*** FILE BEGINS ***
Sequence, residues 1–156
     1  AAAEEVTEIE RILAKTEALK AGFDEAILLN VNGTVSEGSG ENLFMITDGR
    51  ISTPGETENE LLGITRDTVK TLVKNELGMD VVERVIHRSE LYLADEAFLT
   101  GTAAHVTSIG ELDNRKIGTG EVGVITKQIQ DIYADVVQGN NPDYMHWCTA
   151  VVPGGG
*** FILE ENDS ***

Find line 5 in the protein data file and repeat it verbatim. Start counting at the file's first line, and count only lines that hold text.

   151  VVPGGG